We’ve all heard of those lucky people who wake up to the first chime of their alarm — or no alarm at all — feeling bright-eyed and bushy-tailed.
As for the rest of us, we dread the ding and might hit snooze, hoping we’ll feel less tired with a few more precious minutes of sleep. It can easily become a habit to hit snooze every morning, but if you find yourself hitting snooze multiple times every day, it could be a sign you’re dealing with burnout and need to address the underlying causes.
While the thought of catching more ZZZs is tempting, paradoxically, hitting snooze can actually make you feel worse. Here’s why you may be caught in an alarm-snoozing cycle and how to stop hitting snooze every morning.
Why we hit the snooze button
The answer seems obvious: you don’t want to get out of your comfy bed and go to work or deal with the realities and responsibilities of life. But it can also be because it’s become an ingrained habit.
If you look at the snooze process psychologically, you can see that your brain has become wired through repetition to participate in a stimulus/response loop. Your alarm going off is the stimulus, and when you wake up (especially if you still feel tired), you hit snooze as the response. When you do this often enough, it becomes an entrenched habit.
Some people begin hitting it more often, sometimes as much as six, seven, or eight times each morning before finally getting up. When this becomes an everyday occurrence, we at Flourish refer to this as snooze addiction, and we’ve found it can be a signal that there’s something deeper going on. If you’re suffering from burnout, you need to address the underlying issues causing you to want to stay in bed.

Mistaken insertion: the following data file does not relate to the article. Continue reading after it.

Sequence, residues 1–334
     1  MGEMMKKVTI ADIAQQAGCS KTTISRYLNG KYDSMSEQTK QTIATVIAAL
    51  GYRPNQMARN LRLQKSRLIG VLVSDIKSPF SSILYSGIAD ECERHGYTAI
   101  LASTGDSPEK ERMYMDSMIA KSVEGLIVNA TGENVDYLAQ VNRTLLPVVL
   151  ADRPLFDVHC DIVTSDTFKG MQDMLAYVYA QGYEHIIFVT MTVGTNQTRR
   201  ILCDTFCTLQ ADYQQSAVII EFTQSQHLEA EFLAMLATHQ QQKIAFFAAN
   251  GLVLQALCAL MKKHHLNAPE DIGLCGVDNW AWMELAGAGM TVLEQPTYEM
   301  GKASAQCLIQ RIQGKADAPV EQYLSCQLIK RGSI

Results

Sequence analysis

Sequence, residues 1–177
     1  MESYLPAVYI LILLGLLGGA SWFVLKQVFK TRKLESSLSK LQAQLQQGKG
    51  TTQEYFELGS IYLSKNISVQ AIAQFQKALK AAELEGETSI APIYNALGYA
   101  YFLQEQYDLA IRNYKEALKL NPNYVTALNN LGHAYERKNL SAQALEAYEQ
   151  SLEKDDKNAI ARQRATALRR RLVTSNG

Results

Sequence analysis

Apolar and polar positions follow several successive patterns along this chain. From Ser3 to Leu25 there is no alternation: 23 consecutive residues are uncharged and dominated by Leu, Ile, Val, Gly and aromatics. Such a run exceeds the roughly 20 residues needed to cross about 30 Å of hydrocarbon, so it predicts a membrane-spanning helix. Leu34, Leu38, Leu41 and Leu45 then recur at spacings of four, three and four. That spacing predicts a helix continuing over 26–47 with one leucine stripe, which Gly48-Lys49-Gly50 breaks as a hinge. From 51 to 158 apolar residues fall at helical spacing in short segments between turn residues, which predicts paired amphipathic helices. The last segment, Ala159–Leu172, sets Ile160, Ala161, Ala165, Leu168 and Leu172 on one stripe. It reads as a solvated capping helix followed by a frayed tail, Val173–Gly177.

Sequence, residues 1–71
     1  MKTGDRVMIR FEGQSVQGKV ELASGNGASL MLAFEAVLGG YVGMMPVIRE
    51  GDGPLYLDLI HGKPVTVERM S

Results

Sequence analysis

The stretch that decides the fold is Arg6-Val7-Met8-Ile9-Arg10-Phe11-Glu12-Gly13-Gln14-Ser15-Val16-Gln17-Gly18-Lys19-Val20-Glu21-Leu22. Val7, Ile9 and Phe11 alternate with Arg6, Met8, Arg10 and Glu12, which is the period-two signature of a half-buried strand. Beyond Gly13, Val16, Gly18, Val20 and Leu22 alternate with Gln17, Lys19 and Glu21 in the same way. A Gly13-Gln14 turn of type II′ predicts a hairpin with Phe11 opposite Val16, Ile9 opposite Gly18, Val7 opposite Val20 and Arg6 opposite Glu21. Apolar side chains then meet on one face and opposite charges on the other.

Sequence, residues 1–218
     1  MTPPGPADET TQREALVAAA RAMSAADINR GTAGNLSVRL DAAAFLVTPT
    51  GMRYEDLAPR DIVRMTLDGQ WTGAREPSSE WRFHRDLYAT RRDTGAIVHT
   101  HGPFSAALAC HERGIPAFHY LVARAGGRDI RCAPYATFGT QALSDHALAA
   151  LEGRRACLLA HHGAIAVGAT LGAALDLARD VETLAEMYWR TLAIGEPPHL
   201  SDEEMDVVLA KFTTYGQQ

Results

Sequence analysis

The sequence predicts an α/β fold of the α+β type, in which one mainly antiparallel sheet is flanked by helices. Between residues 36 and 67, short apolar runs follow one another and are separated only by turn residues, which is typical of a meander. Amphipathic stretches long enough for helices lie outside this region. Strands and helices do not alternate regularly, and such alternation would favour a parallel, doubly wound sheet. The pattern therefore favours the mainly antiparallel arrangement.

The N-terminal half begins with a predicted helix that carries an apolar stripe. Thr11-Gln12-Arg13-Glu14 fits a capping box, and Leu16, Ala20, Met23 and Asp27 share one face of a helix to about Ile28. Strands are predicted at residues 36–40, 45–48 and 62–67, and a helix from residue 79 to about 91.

How hitting snooze makes us feel worse
So why is hitting snooze a bad thing, other than it can leave us feeling rushed in the morning and possibly late to work or other obligations?
We may hit snooze because we think closing our eyes or staying in bed will help us get more sleep and feel better rested when we do eventually rise. But if you manage to fall back asleep in between the buzzes, you’re getting short bursts of sleep that are constantly interrupted. Adding these small bursts onto your sleep cycle can throw off your body and create sleep inertia, which can make you feel groggy and last several hours into your day.
Plus, according to The Cleveland Clinic, that sleep you get in-between snoozes isn’t restorative sleep, so you’re not actually doing yourself any good. And by repeatedly disrupting the late-stage REM sleep that happens in the morning, you can throw your body into fight-or-flight mode, the clinic says. That’s not a great way to wake up motivated and start the day.
Making yourself get out of bed the first time the alarm goes off, even if you feel like a zombie, can leave you feeling better as the day goes on than if you snoozed and got five more eight-minute mini-naps.
Breaking out of the snooze cycle
We have some good news: Breaking this pattern is easier than you might think. Let’s go back to the stimulus/response cycle, where you wake up and hit the snooze button out of habit.